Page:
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Moody’s downgrade

July 15, 2012


THE downgrade of Pakistan’s sovereign creditworthiness was neither unexpected, nor will it affect the country’s economic fortunes (or rather misfortunes?) At worst, it may have a psychological impact on the markets, which are already edgy on account of the same reasons that have led Moody’s to demote Pakistan’s bond ratings. The country’s economic outlook remains negative, and it is unlikely to change in the short to medium term unless we put our house in order. The key drivers debilitating the country’s economy include its eroding capacity to finance its budget owing to its inability to raise domestic tax revenues or to repay its foreign loans because of drying foreign official and private inflows and a rising trade deficit.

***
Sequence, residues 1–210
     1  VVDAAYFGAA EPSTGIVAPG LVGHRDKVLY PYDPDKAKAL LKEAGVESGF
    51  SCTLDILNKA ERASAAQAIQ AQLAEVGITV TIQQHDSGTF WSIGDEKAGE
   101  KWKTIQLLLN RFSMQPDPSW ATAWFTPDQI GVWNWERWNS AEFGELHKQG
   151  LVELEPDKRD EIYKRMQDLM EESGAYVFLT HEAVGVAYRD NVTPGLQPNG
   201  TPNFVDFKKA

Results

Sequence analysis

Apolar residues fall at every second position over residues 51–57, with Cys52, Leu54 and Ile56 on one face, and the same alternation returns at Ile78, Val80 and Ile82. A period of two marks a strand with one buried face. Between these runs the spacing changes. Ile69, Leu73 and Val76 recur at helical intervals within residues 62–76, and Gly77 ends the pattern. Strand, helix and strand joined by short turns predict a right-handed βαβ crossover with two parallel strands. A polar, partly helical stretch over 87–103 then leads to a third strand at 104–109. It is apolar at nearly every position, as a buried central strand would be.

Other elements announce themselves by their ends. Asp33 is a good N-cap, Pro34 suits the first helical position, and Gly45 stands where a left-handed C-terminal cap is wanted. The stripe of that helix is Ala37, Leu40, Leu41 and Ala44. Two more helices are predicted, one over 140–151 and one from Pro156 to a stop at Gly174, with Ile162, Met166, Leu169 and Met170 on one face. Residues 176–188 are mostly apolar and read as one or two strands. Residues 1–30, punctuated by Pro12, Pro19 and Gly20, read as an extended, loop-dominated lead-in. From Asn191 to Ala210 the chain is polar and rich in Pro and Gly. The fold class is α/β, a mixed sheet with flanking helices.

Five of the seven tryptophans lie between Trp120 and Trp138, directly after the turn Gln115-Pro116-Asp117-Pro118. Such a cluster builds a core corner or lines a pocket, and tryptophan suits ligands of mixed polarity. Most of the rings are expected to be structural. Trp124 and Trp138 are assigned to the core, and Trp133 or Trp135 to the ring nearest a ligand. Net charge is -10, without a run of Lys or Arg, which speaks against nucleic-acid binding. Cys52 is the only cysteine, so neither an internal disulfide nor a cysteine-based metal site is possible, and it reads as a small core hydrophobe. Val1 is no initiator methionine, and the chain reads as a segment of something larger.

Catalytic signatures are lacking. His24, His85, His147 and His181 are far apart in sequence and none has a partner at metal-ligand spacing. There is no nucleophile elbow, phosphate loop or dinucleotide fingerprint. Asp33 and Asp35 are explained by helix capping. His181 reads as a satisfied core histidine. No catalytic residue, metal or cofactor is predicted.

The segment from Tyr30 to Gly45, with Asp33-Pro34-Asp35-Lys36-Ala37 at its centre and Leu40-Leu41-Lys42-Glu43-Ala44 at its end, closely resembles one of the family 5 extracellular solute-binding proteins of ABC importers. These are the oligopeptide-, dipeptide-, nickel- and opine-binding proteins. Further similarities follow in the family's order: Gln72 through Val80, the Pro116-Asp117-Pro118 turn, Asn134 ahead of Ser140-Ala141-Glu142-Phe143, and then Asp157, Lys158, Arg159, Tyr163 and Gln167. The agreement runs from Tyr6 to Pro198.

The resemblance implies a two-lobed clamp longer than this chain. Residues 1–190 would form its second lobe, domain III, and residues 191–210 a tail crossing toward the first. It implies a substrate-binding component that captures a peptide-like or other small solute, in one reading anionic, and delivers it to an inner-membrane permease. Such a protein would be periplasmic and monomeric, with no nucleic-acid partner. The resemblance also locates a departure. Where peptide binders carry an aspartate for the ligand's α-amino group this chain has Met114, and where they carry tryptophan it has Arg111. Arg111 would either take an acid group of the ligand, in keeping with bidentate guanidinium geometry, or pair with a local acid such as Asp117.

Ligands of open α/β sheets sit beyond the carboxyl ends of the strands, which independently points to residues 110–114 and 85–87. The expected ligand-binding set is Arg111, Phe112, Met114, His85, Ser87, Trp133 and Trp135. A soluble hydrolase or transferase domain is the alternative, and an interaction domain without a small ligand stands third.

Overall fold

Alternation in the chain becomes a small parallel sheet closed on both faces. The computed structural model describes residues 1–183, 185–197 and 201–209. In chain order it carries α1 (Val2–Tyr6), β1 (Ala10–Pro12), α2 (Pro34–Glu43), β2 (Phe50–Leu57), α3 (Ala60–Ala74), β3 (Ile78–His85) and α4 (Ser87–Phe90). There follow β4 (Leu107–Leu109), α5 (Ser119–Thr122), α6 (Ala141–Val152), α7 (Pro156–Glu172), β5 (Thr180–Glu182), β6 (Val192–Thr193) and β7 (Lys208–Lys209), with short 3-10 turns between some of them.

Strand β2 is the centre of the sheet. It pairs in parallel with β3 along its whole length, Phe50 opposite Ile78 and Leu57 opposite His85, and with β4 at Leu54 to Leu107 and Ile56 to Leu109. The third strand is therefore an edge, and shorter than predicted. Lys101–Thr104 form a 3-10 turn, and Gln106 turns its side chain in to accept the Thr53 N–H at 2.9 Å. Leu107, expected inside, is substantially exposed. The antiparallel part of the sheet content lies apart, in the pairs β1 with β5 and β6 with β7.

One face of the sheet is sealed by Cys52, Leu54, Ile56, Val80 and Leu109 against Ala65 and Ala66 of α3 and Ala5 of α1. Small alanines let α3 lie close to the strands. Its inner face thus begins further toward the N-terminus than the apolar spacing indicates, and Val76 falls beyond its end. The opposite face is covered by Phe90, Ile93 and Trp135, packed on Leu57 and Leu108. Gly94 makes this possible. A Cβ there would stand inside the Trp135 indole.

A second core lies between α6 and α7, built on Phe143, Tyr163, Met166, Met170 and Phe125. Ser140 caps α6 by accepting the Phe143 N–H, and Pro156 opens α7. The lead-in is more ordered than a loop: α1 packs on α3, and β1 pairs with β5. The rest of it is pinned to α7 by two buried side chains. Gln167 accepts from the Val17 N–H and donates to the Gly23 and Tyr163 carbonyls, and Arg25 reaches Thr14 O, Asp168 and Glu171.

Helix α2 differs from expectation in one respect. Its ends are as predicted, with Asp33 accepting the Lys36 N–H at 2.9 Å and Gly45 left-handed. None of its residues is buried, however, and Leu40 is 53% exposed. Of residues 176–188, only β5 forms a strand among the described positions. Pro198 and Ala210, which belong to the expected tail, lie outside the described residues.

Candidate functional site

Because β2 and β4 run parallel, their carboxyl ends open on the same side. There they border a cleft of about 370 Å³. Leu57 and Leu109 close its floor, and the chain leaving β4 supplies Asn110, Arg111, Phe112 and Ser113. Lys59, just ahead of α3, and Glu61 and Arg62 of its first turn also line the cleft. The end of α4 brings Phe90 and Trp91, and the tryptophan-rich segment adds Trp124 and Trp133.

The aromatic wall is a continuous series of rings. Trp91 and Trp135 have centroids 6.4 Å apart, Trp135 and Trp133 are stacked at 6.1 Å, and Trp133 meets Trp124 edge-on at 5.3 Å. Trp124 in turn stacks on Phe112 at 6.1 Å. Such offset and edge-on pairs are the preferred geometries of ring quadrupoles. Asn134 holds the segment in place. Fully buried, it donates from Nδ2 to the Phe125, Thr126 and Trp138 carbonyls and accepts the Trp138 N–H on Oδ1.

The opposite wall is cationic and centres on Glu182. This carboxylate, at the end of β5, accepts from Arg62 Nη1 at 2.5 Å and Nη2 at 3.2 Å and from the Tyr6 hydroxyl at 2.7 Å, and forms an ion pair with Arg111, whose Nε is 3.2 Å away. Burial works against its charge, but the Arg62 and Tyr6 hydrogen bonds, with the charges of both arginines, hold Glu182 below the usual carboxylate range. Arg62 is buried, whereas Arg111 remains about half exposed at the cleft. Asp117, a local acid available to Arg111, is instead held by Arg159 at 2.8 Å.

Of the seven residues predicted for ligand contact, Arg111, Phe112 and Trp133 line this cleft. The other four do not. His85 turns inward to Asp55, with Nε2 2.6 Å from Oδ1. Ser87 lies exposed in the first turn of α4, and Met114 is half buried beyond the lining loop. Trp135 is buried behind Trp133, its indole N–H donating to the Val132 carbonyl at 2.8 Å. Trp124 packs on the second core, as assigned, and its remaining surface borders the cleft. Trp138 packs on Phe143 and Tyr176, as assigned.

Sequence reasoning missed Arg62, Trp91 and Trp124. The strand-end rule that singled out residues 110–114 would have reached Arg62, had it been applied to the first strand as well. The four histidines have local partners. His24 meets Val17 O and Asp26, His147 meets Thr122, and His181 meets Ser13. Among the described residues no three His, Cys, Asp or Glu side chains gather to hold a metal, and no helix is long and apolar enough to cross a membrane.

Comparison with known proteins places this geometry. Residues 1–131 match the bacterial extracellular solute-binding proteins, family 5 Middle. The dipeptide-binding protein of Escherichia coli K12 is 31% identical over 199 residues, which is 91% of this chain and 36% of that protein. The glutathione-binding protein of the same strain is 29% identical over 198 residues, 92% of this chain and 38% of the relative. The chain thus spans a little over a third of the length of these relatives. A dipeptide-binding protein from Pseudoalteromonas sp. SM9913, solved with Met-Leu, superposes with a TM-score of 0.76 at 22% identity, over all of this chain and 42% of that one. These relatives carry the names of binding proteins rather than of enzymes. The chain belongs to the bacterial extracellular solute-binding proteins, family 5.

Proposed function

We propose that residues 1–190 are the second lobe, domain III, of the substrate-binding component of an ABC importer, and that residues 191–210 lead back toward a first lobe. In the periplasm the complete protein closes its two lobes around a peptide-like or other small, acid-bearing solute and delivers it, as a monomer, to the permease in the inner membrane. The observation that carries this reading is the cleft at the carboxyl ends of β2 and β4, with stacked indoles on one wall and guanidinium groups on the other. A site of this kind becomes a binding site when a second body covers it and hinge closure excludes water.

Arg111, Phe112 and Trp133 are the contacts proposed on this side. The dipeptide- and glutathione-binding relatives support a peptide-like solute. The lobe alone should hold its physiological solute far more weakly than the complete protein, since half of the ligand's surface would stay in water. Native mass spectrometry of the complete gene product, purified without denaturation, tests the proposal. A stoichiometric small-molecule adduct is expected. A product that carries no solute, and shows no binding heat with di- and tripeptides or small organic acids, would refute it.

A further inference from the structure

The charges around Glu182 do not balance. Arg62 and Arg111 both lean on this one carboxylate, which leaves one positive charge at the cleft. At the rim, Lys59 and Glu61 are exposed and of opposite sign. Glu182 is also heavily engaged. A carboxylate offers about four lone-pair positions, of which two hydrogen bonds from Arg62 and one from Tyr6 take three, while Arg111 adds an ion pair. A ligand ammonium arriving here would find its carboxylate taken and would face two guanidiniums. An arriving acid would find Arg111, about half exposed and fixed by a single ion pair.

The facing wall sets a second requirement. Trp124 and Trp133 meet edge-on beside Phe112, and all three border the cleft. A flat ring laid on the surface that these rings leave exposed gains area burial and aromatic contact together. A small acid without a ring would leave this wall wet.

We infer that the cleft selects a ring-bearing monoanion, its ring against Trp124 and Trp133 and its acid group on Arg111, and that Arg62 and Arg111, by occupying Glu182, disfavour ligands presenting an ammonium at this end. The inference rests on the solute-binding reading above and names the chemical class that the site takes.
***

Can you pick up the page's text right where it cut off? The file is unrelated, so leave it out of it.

Needless to say that its political problems are keeping the coalition government’s focus away from taking tough policy decisions to improve business confidence and addressing structural weaknesses, such as addressing growing energy shortages and increasing domestic revenues. The downgrade of sovereign creditworthiness should sound a warning to the country’s policymakers. The government has already defaulted on its (domestic) sovereign obligations to the IPPs only a few weeks ago. And the possibility of Pakistan defaulting on its foreign debt repayments over the next couple of years cannot be ruled out with the large $6.3bn in principal and interest falling due because of the IMF between 2013 and 2015. With foreign private capital moving into safer assets due to the eurozone debt crisis, Islamabad can avoid a repeat of the 2008 crisis only with the help of official bilateral and multilateral creditors and donors like the IMF and the World Bank. While the US has promised to resume disbursement of suspended Coalition Support Funds of $1.2bn following the reopening of Nato supply routes, that is not enough to resolve our medium- to long-term balance of payment woes. The government will ultimately have to go to the IMF for another loan. This time it may have to accept even tougher conditions for the Fund’s help. And those conditions will not be easy to implement in the absence of a stable domestic political environment.